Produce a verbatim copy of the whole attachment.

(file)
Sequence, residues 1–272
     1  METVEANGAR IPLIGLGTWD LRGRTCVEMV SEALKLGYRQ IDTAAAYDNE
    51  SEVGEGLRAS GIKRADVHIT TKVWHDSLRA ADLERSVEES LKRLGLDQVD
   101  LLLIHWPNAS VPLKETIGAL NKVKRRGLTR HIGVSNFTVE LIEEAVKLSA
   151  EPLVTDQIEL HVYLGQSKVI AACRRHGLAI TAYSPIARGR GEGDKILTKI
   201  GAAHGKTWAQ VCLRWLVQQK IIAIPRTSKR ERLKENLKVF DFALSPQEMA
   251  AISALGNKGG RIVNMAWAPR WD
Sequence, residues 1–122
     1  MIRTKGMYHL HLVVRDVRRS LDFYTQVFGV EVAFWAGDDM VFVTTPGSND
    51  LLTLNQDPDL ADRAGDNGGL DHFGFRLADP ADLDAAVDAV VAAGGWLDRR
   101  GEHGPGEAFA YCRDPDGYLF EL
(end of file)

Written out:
Sequence, residues 1–272
     1  METVEANGAR IPLIGLGTWD LRGRTCVEMV SEALKLGYRQ IDTAAAYDNE
    51  SEVGEGLRAS GIKRADVHIT TKVWHDSLRA ADLERSVEES LKRLGLDQVD
   101  LLLIHWPNAS VPLKETIGAL NKVKRRGLTR HIGVSNFTVE LIEEAVKLSA
   151  EPLVTDQIEL HVYLGQSKVI AACRRHGLAI TAYSPIARGR GEGDKILTKI
   201  GAAHGKTWAQ VCLRWLVQQK IIAIPRTSKR ERLKENLKVF DFALSPQEMA
   251  AISALGNKGG RIVNMAWAPR WD
Sequence, residues 1–122
     1  MIRTKGMYHL HLVVRDVRRS LDFYTQVFGV EVAFWAGDDM VFVTTPGSND
    51  LLTLNQDPDL ADRAGDNGGL DHFGFRLADP ADLDAAVDAV VAAGGWLDRR
   101  GEHGPGEAFA YCRDPDGYLF EL